Safe practices Featured

8:00pm EDT May 26, 2009

While travel is an integral component for continued business growth, there are risks to be aware of. Travel puts employees in unfamiliar environments where incidents may occur. They may be in locations where they stand out from the local population and are unfamiliar with the local health risks, culture and customs.

Travel risks affect not only your current employees but also future employees and your company’s security and operations. It’s important to be prepared for any type of risk that may happen and to manage those risks appropriately.

“There is much more emphasis placed on health and safety procedures in the permanent workplace than on travel, even though travel brings a greater risk potential,” says Tracy DeBarr, a corporate account manager at Professional Travel Inc.

Smart Business spoke with DeBarr about how to develop a travel risk management plan and communicate it to your employees.

What risks can you run into while traveling?

There are five risks to be aware of:

n Risk to personnel — Crime, civil unrest, terrorism, illness and weather conditions.

n Risk to corporate reputation — Failure in duty of care, unethical behavior by employees and misuse of travel expenses.

n Risk to data/equipment/productivity — Protecting data carried by employees while traveling; lost, damaged or stolen baggage, equipment or personal items; protecting employee’s personal travel data; and failure to meet immigration requirements.

n Legal risk — Duty of care, data protection regulations, failure to comply with tax laws and illegal activity by travelers.

n Financial risk — Penalties for legal risk and misuse of travel expenses.

Are employers responsible for travelers?

It is your legal duty to protect your employees, whether they’re working in your facility or traveling off site. New laws, such as the Corporate Manslaughter Act, hold you responsible for anything that happens to your employees while on business in Europe. It provides a more effective means to prosecute companies for corporate manslaughter in England, Wales and Northern Ireland and corporate homicide in Scotland. The law punishes corporations for failure to properly manage the health and safety of employees and toughens the duty of care responsibility toward employees. The organization is held responsible for travel incidents instead of individuals within the organization. This applies to any work-related death or injury, regardless if the company is based in the United Kingdom or not, and is not limited to business travel.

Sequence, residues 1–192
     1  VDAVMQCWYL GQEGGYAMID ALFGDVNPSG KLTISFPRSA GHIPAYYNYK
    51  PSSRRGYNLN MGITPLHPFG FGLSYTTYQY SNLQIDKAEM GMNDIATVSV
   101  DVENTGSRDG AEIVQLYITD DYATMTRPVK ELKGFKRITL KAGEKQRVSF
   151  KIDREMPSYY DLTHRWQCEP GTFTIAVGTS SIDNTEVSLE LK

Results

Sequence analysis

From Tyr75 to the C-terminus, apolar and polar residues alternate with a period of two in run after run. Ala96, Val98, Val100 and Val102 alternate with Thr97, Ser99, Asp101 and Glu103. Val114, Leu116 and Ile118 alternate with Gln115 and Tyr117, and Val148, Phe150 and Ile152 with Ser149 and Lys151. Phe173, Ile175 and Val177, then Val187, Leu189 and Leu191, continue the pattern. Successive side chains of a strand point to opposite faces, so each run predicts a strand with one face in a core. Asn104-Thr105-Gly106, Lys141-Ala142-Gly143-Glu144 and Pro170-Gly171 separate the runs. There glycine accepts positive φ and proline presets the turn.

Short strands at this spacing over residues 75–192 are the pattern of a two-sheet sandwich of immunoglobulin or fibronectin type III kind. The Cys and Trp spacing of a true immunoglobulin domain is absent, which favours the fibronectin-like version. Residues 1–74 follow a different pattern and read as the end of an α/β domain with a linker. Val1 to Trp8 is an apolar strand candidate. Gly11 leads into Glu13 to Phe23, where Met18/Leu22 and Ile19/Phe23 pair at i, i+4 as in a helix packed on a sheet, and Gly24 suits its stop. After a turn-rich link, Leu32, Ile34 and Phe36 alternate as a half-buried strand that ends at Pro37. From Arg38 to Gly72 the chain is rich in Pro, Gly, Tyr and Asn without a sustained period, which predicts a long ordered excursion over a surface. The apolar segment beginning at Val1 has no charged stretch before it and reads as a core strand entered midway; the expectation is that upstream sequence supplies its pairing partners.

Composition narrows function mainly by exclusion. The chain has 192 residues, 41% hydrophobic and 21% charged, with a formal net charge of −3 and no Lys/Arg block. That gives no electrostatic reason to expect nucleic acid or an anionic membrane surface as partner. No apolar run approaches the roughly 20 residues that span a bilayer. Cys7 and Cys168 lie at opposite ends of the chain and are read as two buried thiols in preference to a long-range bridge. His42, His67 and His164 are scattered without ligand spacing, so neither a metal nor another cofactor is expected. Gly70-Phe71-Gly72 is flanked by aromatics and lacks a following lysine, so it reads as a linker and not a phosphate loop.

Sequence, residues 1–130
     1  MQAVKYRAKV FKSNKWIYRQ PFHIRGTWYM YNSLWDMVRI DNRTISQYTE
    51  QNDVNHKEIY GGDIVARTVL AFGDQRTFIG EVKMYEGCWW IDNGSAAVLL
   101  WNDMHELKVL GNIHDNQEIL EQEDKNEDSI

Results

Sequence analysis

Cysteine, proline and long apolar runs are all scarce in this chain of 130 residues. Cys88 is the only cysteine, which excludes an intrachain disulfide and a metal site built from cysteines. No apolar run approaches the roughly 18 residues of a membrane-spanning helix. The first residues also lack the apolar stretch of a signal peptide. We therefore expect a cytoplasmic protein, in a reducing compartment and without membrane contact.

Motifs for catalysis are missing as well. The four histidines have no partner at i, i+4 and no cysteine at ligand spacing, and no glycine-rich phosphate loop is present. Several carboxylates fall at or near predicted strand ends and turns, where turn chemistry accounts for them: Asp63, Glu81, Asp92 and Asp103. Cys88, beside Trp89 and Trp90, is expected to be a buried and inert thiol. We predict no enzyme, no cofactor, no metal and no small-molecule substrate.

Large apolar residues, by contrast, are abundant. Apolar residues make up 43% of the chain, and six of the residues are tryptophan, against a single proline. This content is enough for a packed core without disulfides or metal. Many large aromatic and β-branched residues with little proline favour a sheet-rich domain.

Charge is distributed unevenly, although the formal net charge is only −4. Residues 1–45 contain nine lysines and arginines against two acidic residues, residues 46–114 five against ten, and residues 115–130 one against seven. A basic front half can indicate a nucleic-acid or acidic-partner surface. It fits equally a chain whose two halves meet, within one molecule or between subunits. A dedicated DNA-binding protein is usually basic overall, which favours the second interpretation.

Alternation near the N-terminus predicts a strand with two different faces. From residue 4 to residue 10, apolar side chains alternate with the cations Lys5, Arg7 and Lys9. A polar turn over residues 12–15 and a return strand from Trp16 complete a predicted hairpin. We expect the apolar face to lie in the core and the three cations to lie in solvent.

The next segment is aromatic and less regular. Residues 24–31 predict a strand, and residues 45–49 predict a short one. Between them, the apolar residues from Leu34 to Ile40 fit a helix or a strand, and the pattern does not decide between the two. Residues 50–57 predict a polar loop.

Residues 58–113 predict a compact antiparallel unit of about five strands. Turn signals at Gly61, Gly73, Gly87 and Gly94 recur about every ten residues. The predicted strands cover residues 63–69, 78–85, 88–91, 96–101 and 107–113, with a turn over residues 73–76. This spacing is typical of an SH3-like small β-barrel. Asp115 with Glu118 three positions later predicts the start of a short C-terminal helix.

What benefits will you see from the right approach to travel risk management?

The six benefits you’ll see are:

n Effective travel budget management.

n Better tracking of travelers.

n A plan of attack that allows you and your employees to respond quickly and effectively.

n Reduced liability and lawsuits.

n A more secure future. There were 24 employees from one company on the flight that went down in the Hudson River in January. If that event were fatal, it would have caused a catastrophe for that company.

n Employees know you are concerned about their safety.

How do you develop a travel risk management plan?

Many companies have a risk management department or policy, but oftentimes, it does not include travel. You need to mitigate travel risks and assist travelers so they are able to do their jobs. First, assess the risk levels of all scenarios associated with travel. Then determine which threats you can handle internally, which you can transfer to an outside company, such as an insurance agent, which you can eliminate, and which you can tolerate with little risk to the company. From there you develop a travel risk management plan that will be effective for your employees, corporate image and bottom line.

Your travel management company should play a crucial role in your plan. It should assist managing, communicating and enforcing your travel policy as well as maintaining traveler profiles to track and assist in case of an emergency. It should also provide pretrip, destination-specific, traveler-specific, high-risk destination and intelligence reporting to employees.

How do you communicate the plan to your employees?

The plan should be readily available through your intranet, employee handbook, human resources department and department managers. Everyone should be clear on what his or her responsibilities are. Depending on the level of crisis management, the plan may need to be rehearsed ahead of time to make sure it runs smoothly. You don’t want to realize that kinks need to be worked out during an emergency. Meet with your employees after a rehearsal to gather feedback on the process to make sure situations are handled correctly in the future.

Review your travel policy and travel risk management plan at least once a year. With constant changes in the travel industry, your business, and economic, social and political issues around the world, what worked last year may not be the best practice for this year.

What are other ways employees can prepare for travel to unfamiliar places?

Be aware of your surroundings. Don’t wear expensive jewelry or carry expensive luggage. Also, don’t let anyone meeting you use a card bearing your name, company name or logo. Choose your luggage carrier and cab driver yourself, and always look for the nearest exit in case of emergency. Research your destination prior to arrival. Being prepared is always a good thing. Finally, do not carry more cash or credit cards than necessary and never check valuables or travelers checks in your luggage.

Tracy DeBarr is a corporate account manager with Professional Travel Inc. Reach her at or (440) 734-8800 x4096.